Toilet shower, washlet, bidet toilet… considering it’s a fairly straightforward bathroom fixture, it does go by a surprising number of different names.
And no matter how deeply informed you are about interiors, at this point, chances are you will have heard about shower toilets by now. Maybe you’ve even tried one. Have you?
They’re increasingly found at bathroom showrooms, but occasionally, you can spot one ‘in the wild’ – most famously, probably, at Japan House London.
Washlet, £12,504, Toto
Why should I have a toilet shower?
For one, these fixtures provide a hands-free way to clean yourself, which is great in terms of hygiene.
But it goes beyond that – integrated bidets allow disabled or simply less mobile members of your household to easily take care of themselves, without needing someone’s help. Installing one now will also future proof your home, so it’s definitely something to think about.
V-Care smart shower WC, from £1600, Vitra
Hygiene is a big point overall. Many shower toilets have self-cleaning functions, so are easy to keep in ship shape while also helping your space be more hygienic between cleans.
And on a final note, using less or no toilet paper is good for the planet, too.
I don’t have a big budget, though…
As shower toilets become more popular there is a huge influx in different models, which means there’s something in every price range.
The difference often lies within the features. As standard, many have automatically opening lids and seats, as well as a remote-controlled flush and basic wash (and often dry, too) function – the main features you need, really.
Cleanet Navia wall-hung shower toilet, £2956.51, Laufen
The more you invest, the more bells and whistles your toilet shower will have. A heated seat is a common and popular inclusion, for example, and can often be found even in basic models.
But there are yet more features. Think an automatic night light that can guide you in the dark (great for not waking up your partner), or a hidden deodoriser to take care of smells.
In terms of wash functions, they also vary. Smarter shower toilets, which often come with a higher price tag, for example feature settings such as front and rear wash, oscillating streams, especially gentle washes, and a range of drying options.
Lusso Intellismart wall-hung WC, £1650, Lusso Stone
If you choose an app-controlled model, you can often even save a set of personalised settings, so everything is just right at the touch of a button.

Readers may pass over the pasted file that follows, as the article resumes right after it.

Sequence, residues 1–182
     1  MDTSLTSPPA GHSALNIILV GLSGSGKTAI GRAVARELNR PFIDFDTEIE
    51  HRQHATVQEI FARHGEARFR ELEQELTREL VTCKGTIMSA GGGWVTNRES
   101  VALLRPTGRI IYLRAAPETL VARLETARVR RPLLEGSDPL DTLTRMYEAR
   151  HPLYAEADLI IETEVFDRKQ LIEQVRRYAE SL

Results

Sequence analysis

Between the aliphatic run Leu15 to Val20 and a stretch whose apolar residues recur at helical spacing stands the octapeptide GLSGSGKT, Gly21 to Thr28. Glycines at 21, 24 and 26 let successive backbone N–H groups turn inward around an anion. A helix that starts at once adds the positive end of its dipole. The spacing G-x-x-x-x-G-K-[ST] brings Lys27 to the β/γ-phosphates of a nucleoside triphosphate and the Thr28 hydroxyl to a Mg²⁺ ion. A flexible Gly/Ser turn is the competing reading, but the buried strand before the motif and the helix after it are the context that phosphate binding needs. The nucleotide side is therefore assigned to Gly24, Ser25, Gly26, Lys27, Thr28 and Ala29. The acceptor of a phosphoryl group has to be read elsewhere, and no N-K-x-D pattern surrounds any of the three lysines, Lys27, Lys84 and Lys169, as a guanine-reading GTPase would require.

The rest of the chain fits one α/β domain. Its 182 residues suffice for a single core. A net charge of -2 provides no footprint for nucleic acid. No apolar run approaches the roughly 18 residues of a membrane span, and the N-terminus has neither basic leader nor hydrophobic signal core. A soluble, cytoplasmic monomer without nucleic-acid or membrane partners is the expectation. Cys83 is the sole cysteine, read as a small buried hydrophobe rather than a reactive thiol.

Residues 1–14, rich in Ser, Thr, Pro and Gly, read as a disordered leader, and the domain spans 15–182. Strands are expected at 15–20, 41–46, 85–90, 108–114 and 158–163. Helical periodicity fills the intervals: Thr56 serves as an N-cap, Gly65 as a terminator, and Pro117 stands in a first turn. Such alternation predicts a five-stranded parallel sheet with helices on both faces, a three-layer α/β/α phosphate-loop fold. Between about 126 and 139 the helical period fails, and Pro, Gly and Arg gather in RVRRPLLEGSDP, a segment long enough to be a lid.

Even more futuristic, these apps often sync up with *any* shower toilet of the same range (or maybe even different ranges, depending on the brand), not just the one you have at home – so you could be timezones away, on a whole different continent, and still use all the same settings.
How smart is that?
AquaClean shower toilet, £3654, Geberit
Anything else you can tell me?
Sure, they premise of a toilet that washes you after you’re done is, admittedly, a bit odd at first, and it’s caused debate every time someone brings it up (which is more often than you’d think – such is the life in interiors journalism).
Then again, there are plenty of countries and cultures on the planet who find our use of toilet paper just as bizarre. Styles of shower toilets are common in Arab countries and states in west Africa, for example. They’re also popular in Greece, Argentina, Uruguay, and a number of other countries.
Sensia Arena shower toilet, £2233.33, Grohe
In Japan, the toilet shower is so popular and widely spread, it is one of the official measures of the country’s prosperity. So the more washlets, the better Japan is doing.
But you don’t have to travel that far. A stint onto the mainland, and into southern Europe, is enough. Did you know that it’s mandatory to install a bidet or toilet shower in the bathroom in Italy and Portugal? And it’s not an old law, either – in both countries, it only came into force in the 1970s.
SensoWash Starck f shower toilet, £2785.20, Duravit
Featured image: Roca‘s In-Wash with In-Tank is the company’s latest shower toilet. The water tank has been integrated into the WC, so there’s no need for a cistern – meaning you have more design freedom when placing it. It also features a Rimless Vortex design, which means the bowl is thoroughly cleaned thanks to a 360-degree flush. Available as a wall-hung or back-to-wall WC, it is priced £4080.